AllianceBernstein also has performance-fee plans:

While Fidelity International’s plans remain short on specifics, AllianceBernstein’s fee structures have been laid out in detail. The all-in expense ratio will vary between 0.10% and 1.1%, but fees don’t climb to that higher range until there is substantial outperformance. The Large Cap Growth fund for instance will have an expense ratio of 0.6% only if it outperforms its benchmark by two full percentage points, with higher fees after that.

A 0.1 percent expense ratio is pretty comparable to an index fund. If you pay 0.1 percent to underperform the index, well, at least you can't complain that you are overpaying to underperform? And if you pay 0.6 percent to outperform the index by two points, then you should feel great about your decision. For investors it seems like a win. It is a somewhat scary business model for the fund industry, though: What happens to the roughly half of all funds that will inevitably underperform the index, and that are stuck charging passive-level fees to pay for active management?

Amazon MBAs.

Amazon.com Inc. is hiring 1,000 MBAs a year:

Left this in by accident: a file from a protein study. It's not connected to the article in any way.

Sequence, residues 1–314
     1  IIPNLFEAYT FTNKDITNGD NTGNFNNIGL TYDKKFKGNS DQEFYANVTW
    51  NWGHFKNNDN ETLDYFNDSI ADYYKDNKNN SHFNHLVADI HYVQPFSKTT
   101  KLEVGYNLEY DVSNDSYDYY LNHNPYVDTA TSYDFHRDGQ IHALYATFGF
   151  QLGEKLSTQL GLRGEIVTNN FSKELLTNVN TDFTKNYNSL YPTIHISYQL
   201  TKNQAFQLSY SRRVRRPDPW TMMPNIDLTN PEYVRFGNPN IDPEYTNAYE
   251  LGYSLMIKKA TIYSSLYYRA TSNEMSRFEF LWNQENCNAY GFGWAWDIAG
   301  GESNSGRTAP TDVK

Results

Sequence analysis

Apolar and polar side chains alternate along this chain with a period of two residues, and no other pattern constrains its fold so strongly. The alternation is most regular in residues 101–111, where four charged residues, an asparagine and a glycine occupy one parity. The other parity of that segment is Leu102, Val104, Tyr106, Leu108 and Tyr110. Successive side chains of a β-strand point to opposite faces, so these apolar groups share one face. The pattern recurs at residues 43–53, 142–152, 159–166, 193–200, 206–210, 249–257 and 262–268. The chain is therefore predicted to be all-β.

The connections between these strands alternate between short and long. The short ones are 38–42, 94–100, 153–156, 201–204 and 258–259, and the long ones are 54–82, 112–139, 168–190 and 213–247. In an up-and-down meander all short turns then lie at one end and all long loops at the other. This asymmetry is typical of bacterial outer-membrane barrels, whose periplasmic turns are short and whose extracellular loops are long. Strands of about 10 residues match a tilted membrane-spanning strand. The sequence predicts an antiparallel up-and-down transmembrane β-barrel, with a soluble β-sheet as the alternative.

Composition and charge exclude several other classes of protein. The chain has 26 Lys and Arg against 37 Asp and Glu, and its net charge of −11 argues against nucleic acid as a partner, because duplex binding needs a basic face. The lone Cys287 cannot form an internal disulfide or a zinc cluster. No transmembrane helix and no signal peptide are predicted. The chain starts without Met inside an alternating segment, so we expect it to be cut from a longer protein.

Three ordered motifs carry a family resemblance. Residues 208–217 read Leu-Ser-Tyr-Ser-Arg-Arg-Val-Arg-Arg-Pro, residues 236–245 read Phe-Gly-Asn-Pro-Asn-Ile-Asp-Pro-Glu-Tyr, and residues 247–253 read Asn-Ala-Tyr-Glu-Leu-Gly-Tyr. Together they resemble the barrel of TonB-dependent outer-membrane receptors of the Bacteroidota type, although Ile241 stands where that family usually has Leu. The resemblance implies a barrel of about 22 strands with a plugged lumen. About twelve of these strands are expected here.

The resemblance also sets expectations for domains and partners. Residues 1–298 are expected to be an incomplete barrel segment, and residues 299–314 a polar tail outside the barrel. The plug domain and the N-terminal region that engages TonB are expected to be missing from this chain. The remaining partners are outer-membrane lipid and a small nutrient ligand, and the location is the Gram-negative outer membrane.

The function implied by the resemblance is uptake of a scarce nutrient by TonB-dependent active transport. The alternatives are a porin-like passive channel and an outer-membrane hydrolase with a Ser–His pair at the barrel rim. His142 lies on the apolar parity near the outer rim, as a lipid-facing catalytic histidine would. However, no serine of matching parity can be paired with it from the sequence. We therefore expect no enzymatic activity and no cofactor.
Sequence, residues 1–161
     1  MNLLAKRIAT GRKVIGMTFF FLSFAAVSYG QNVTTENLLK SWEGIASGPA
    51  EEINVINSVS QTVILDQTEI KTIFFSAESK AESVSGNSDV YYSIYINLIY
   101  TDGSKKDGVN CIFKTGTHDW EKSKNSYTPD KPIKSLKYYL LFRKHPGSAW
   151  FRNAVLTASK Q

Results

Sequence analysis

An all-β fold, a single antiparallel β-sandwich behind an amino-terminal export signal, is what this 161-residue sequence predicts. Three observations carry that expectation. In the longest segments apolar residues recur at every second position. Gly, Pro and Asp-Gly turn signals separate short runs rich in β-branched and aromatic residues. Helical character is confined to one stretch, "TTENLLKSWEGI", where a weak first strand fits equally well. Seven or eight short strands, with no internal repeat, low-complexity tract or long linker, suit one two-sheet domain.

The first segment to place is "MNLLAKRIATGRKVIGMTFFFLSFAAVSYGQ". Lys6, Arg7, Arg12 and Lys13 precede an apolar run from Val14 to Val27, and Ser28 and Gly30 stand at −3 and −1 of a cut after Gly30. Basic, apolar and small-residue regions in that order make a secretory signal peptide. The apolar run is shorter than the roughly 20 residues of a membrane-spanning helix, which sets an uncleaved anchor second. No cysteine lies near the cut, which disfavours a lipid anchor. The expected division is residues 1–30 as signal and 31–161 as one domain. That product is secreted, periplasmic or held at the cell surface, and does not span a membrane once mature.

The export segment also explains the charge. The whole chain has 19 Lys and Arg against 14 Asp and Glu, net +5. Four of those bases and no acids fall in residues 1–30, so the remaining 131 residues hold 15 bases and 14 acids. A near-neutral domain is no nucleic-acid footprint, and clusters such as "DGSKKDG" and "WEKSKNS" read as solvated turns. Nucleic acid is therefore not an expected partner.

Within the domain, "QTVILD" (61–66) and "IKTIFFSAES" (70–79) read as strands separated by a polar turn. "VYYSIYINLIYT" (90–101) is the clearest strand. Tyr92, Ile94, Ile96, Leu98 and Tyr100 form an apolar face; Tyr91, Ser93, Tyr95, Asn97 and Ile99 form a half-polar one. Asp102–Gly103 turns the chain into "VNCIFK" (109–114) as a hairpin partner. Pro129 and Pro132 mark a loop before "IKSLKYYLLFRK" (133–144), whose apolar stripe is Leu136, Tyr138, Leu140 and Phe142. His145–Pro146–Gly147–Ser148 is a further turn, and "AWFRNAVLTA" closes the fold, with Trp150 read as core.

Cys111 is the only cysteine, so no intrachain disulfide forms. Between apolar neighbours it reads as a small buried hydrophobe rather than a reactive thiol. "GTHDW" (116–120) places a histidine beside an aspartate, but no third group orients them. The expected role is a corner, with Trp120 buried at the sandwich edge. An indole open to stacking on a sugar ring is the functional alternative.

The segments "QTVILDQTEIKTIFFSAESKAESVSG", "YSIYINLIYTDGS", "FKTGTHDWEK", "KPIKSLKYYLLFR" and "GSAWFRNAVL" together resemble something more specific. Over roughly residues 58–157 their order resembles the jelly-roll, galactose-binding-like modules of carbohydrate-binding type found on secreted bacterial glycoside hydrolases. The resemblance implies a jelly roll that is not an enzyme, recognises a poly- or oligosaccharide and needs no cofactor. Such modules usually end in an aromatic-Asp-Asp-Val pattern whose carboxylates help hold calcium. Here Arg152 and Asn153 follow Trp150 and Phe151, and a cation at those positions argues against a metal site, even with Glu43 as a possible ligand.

Tech companies, once averse to hiring PowerPoint-loving B-school grads, have embraced them in the past few years. Ms. Park said business students understand Amazon’s customer-obsessed ethos and tend to be “risk oriented,” scrappy and analytical.

One might question whether an MBA is likely to be "scrappier" than someone who didn't spend $100,000 on an MBA, or more "analytical" than a computer scientist, but certainly "risk oriented" is a standard descriptor. Going to business school is a fairly safe, conventional, keep-your-options-open career move, and so the stereotype is that MBAs tend to be fairly risk-averse. Not risk-averse like law students -- no one's as risk-averse as law students -- but, compared to a college dropout starting a company in her garage, you'd expect an MBA to be a bit more cautious, a bit less likely to "move fast and break things." And that is a big part of why tech companies were once averse to hiring them: If your goal is to disrupt the status quo, why hire someone who has spent her life trying to fit into it? 

But as "tech" has eaten the world, that mindset has changed, or at least diversified. Amazon is a disruptive force in many ways, but it is also a $464 billion market-cap company that is the dominant retailer of many products. There are plenty of startups in garages that still want to move fast and break things and disrupt the status quo, but Amazon is the status quo, and it doesn't necessarily want to break any of the things that have made it so gigantic and successful. So it brings in the MBAs.

There's going to be another Buffett bet.

Okay fine sure:

The "Oracle of Omaha" told CNBC's Becky Quick on Tuesday that he is willing to do another bet on active versus passive as long as anybody wants to put up "a significant percentage of their net worth" on the wager.